Christmas is a time for giving, a time when we all love to see the happiness on the faces of family or friends when they open the gifts we have bought them.
If you’re thinking of giving money as a gift this Christmas, here’s some advice on how to stay on the right side of inheritance tax, allowances and thresholds, from David Hill, Head of Private Client at local law firm Mogers Drewett.
For many people, Christmas is also a time to make a more substantial gift to children, grandchildren or other loved ones.
This can be an attractive option because not only does your loved one have the opportunity to use the gift for an important purchase or event, but gifting is tax free up to certain thresholds and will reduce the value of your estate for Inheritance Tax (IHT) purposes. In other words, you can make a gift without having to pay any tax on it while at the same time your loved ones will have less IHT to pay when you pass on.
So, what are the rules? Firstly, you have a £3,000 annual ‘gift allowance’. This is known as an annual exemption.
You can also ‘carry over’ an unused allowance from one year into the next one. So if you gift nothing one year, you could gift up to £6,000 tax free the next year. However, you can’t roll it up into a third year: it stops at £6,000.
Some gifts are completely free of tax, subject to meeting certain conditions. Gifts of £250 or less are generally tax free (although not if you have already given that person your whole £3,000). Other examples, subject to certain criteria, are wedding/civil partnership gifts and gifts out of “excess income” (income you have left after all of your living expenses have been covered).
There are no immediate inheritance tax consequences of making a gift which has a value above the annual allowance, and if you live for at least seven years following the date of the gift then there are no consequences at all.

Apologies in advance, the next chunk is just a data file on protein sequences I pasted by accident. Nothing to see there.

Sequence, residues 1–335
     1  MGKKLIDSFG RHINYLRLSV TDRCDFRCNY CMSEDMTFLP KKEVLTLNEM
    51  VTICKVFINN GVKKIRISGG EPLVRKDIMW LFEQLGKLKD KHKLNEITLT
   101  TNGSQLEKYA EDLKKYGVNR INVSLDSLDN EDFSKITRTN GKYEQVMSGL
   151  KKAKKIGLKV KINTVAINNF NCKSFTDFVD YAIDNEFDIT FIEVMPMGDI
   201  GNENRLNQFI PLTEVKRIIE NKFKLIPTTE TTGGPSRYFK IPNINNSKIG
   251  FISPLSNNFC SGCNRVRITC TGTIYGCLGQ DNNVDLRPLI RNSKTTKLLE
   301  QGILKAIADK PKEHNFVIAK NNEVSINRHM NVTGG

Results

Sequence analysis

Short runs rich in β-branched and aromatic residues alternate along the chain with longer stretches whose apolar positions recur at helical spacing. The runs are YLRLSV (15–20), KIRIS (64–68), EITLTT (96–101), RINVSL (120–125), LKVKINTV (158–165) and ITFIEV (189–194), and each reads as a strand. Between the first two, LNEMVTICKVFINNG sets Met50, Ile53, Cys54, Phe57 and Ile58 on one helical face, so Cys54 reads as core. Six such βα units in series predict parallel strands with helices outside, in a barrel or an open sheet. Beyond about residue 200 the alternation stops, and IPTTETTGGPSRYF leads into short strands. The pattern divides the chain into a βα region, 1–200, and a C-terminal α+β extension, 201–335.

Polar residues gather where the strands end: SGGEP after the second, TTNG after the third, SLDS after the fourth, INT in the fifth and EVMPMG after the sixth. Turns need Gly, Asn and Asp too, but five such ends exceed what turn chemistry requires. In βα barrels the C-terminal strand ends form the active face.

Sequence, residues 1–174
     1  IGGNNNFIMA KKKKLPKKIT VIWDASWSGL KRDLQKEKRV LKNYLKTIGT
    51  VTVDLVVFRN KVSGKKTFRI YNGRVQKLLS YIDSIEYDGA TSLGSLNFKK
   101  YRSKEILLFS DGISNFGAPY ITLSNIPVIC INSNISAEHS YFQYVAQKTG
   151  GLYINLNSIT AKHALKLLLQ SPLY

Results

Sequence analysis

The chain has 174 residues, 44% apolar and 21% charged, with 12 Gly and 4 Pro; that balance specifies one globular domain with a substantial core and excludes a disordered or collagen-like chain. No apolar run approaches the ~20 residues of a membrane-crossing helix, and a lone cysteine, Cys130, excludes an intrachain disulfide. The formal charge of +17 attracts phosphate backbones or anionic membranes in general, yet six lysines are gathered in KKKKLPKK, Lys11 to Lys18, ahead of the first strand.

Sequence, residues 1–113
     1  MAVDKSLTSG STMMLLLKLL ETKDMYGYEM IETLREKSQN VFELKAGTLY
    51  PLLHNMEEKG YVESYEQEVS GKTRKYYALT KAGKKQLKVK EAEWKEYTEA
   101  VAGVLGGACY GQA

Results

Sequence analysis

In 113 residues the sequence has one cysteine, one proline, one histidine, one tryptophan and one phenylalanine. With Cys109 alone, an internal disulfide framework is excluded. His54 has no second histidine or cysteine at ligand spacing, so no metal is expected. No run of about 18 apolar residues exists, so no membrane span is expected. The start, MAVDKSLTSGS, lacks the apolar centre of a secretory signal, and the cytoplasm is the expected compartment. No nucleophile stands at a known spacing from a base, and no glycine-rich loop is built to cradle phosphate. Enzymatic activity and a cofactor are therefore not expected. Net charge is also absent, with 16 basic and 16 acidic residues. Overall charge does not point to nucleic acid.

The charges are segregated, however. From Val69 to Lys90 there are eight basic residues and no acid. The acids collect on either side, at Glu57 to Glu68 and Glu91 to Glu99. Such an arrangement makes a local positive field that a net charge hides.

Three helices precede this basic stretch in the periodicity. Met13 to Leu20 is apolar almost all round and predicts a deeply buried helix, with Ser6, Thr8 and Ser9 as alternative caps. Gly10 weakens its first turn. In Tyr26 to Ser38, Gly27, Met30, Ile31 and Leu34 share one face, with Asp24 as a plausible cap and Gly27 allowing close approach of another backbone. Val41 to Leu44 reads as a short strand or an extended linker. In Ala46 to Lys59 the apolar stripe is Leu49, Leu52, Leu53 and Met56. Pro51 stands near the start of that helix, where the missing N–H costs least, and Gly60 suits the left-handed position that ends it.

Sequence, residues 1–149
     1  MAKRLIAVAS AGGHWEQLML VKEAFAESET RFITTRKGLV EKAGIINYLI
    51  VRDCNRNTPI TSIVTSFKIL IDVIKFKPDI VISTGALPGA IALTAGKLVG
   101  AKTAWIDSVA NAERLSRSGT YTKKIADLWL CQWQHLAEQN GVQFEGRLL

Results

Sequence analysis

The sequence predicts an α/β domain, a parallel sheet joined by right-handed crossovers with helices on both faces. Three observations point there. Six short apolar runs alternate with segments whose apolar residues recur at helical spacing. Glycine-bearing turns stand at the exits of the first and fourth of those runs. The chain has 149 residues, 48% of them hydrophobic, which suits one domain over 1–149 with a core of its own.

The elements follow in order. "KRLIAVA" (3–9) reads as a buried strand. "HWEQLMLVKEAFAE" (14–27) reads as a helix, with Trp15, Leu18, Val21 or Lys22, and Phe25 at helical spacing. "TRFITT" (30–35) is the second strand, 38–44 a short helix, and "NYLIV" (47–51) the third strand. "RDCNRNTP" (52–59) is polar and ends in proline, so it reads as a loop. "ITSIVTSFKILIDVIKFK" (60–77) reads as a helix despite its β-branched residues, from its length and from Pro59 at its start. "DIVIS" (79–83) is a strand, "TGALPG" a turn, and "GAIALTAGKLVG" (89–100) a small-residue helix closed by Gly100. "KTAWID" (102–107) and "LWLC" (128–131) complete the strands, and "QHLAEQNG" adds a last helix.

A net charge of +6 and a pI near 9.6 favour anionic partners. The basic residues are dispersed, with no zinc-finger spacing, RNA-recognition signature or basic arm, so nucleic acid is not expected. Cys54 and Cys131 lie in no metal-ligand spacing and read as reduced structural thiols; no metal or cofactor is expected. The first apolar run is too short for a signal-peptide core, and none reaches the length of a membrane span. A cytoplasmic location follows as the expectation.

However, if you were to die within seven years of making a gift, then the value of it is added to your estate for the purposes of calculating any IHT liability – it is worth bearing in mind that making a gift of any size rarely increases the IHT liability as if you had not made the gift then the asset would remain in your estate anyway! Very large gifts can also benefit from “taper relief” – this is where the IHT liability reduces on a sliding scale from the third anniversary of the gift being made.
It is important to note that a gift of property or shares could mean that other taxes, such as capital gains tax, may become relevant so should be considered as part of your planning process.
Many people like to support charities – and the good news is that gifts to registered charities are generally free of IHT irrespective of the amount given. In addition, you might also be able to claim relief on other types of tax such as Income Tax on charitable gifts.
With so many rules and criteria around gifting, it’s essential to keep good and accurate records of any gifts you make. This should include what you gave, who you gave it to, when you gave it, and how much it was worth at the time the gift was made. This will mean that, should you pass away, it will be easier for the executor of your estate to calculate any tax liability.
As the rules can be complex, it is advisable to consult with an expert in estate planning. At Mogers Drewett, we have an experienced team who can help you make the most of your tax free entitlements – enabling you to spread a little more happiness at Christmas.
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